Unicycle Capabilities

Hi guy’s I am kinda unsure if this is the right place to be posting this but i was needing a little bit of a hand.
I have recently just brought a nimbus unicycle with a 24" by 2.50" wheel i was kinda unsure due to the size if this will be an issue trying to tricks and learn new things does any one have one also that could shed some light on it.?

I’d say it depends on the tricks. I started out with a nimbus muni 26" and when I started wanting to learn tricks I quickly started to use its size as an excuse.

It’ll be tricky to learn any kind of spins on it, but there are some advantages to the bigger wheel. Wheel walking for example is much easier on a larger wheel. One foot riding also isn’t much harder on a larger wheel than it’s smaller counterpart. Also, you can still pretty much do all the tricks that involve the cranks, like seatwraps and whatnot.

If you’re looking to do flatland tricks, it’s probably too big for the more ‘bouncy’ tricks (unispsins, crankflips). The same applies for the majority of street tricks mainly due to the increase in weight.

PS: I can’t do all the tricks I mentioned in this post. Some of it was guessing what it’d be like for someone to learn them on a 24". But overall the point still stands, it depends on the tricks you want to do.


24" is the best all-around size for basic unicycling. Don’t blame the equipment if things seem hard; unicycles are hard. A 20" will be a little lighter and more nimble, but slower. Some tricks will be easier on that size, but others are easier on a 24".

Ok kool thanx guys for all the help it is very useful and i will take this all into mined when i am practicing
thanx all

Most tricks will be a bit harder to learn on a 24" and some riders r really good on them (Vincent does awesome street on his 26). I’m pretty sure they all learned and mastered them on a trials first.

Like JF said don’t let that keep u from trying them on what you’ve got :slight_smile:

Thank you for saying it- unicycles are hard! As I was mounting after a UPD yesterday, a woman walking by asked me “Is that hard?” and I replied “Yes!”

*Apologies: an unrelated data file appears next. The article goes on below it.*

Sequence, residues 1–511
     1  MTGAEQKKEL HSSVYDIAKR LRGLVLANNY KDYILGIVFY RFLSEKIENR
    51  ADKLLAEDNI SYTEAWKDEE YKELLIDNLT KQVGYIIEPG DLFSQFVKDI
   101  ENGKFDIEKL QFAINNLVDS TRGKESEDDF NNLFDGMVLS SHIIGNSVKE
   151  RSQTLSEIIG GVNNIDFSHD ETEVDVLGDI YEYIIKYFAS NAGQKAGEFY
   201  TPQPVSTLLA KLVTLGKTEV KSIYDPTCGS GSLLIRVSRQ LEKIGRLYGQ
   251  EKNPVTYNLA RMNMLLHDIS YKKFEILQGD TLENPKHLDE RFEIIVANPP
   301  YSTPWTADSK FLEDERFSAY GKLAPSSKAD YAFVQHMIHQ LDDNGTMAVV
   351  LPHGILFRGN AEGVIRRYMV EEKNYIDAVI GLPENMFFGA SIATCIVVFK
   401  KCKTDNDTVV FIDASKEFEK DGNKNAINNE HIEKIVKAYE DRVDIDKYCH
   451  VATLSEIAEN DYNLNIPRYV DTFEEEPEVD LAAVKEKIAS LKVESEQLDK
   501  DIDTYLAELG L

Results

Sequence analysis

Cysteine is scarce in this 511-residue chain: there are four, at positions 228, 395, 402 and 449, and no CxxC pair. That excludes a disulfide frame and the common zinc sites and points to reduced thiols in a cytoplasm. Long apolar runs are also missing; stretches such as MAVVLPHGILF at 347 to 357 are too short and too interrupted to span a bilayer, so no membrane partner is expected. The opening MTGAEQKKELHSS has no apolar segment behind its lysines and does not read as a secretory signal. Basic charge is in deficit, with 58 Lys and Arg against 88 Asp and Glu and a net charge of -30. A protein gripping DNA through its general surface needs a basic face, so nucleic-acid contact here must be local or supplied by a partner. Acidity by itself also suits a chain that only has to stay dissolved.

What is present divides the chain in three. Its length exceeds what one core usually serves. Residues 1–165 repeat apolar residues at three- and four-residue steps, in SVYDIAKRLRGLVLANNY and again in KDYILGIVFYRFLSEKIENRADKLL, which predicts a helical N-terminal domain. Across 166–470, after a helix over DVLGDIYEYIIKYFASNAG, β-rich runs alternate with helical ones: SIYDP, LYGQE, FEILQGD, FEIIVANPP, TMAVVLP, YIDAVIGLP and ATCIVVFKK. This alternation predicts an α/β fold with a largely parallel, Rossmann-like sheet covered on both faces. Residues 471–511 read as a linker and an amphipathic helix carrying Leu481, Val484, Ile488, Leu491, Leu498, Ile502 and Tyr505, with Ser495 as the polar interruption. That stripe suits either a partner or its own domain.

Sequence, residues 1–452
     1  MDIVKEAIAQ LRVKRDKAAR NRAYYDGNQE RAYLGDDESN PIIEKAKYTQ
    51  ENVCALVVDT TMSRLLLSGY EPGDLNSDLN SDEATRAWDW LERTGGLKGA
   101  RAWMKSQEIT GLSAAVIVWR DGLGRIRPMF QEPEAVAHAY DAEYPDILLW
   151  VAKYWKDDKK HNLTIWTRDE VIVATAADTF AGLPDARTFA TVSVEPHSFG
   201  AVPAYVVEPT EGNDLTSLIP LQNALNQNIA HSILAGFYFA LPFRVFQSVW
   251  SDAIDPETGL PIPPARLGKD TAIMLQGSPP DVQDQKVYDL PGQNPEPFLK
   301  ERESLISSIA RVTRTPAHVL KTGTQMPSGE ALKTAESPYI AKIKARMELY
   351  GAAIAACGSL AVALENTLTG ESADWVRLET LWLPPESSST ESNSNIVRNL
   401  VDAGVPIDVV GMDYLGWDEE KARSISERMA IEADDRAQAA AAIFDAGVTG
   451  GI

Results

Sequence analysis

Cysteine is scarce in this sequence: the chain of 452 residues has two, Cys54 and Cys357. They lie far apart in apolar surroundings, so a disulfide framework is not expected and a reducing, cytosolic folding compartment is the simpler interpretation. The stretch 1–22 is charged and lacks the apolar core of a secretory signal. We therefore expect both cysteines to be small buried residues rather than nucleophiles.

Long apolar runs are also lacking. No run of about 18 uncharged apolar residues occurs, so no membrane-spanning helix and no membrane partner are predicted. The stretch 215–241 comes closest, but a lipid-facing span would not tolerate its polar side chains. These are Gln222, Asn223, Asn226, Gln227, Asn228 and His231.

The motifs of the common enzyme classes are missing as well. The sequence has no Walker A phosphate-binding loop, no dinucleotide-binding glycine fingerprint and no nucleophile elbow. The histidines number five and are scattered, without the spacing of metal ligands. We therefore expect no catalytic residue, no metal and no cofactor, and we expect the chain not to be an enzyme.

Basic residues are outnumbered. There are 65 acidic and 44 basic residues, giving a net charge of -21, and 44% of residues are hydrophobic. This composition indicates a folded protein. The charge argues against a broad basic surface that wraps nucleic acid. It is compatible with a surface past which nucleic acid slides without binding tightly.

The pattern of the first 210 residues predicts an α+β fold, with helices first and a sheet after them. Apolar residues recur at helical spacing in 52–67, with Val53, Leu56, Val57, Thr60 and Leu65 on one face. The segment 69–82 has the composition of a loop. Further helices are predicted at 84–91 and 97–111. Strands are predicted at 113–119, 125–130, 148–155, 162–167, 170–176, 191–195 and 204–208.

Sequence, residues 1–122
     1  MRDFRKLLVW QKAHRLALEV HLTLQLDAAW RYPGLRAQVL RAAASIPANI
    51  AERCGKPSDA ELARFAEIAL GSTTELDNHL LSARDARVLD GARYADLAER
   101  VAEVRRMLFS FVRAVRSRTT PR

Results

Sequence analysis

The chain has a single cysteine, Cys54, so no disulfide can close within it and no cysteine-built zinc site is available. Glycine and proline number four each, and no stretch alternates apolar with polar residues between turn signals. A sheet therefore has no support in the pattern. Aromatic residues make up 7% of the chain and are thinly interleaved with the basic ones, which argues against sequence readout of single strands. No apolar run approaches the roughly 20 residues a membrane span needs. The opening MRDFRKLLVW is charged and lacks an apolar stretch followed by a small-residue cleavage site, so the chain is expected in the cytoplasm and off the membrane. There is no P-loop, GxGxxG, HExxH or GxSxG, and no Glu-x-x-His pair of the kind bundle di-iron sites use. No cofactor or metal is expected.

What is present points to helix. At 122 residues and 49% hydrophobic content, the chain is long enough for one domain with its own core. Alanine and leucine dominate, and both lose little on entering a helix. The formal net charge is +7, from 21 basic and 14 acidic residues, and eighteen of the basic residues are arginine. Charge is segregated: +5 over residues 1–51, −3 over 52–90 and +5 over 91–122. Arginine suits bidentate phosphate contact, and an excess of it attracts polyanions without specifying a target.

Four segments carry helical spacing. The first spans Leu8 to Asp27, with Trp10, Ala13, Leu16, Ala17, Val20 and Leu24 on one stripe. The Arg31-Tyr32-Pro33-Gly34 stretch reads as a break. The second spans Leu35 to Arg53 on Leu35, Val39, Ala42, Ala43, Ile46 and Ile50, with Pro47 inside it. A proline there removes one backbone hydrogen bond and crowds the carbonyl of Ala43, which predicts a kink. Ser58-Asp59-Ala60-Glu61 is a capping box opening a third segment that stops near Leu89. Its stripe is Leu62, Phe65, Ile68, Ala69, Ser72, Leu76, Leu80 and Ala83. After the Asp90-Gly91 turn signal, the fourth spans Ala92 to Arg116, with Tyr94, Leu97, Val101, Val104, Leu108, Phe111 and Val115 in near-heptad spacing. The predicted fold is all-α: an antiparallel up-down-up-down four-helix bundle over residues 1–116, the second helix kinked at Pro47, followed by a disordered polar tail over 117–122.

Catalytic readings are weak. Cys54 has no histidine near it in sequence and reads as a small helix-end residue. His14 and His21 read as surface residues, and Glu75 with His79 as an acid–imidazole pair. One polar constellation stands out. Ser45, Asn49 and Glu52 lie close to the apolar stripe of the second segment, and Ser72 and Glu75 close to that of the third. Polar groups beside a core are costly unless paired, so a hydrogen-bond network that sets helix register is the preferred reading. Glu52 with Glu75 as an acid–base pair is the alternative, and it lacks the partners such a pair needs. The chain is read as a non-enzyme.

Teddy Roosevelt: “Nothing in the world is worth having or worth doing unless it means effort, pain, difficulty…”

Actually I would be interested to know how true that is. I assume it is, would just like some confirmatory comments. I’m thinking about getting a trials just to learn some simple things. Just because I can doesn’t mean I should :stuck_out_tongue: a bad workman and all that. I have the silly problem of heading out to do some specific skills practice and then riding off and having fun instead…

Which explains why I watch guys doing amazing things on 24’s and wonder why I can’t do anything :smiley:

I learn on a 24" 10 months ago then went to a 26! and got a 19" then replaced the 26" with a 29" and now have got another 24" to do Trials and big street stuff on as I found the 19" only good for staying in one area where as the 24 is very versatile and can do most of what a 19" can do.

I am not the best trials rider in the world by any stretch of the imagination (better at XC riding) but am doing 4 foot drops on a 24" and find it good on the rocks :slight_smile:

The main limiting factor is rider skill, a good rider will be able to do most things on most size/types of unicycle

uni rocks 1 small.JPG

I started unicycling in 1979, and didn’t switch to doing tricks on a 20" (instead of 24") until 1984. These were different tricks, but I learned them all on 24" and won a few national titles during those years.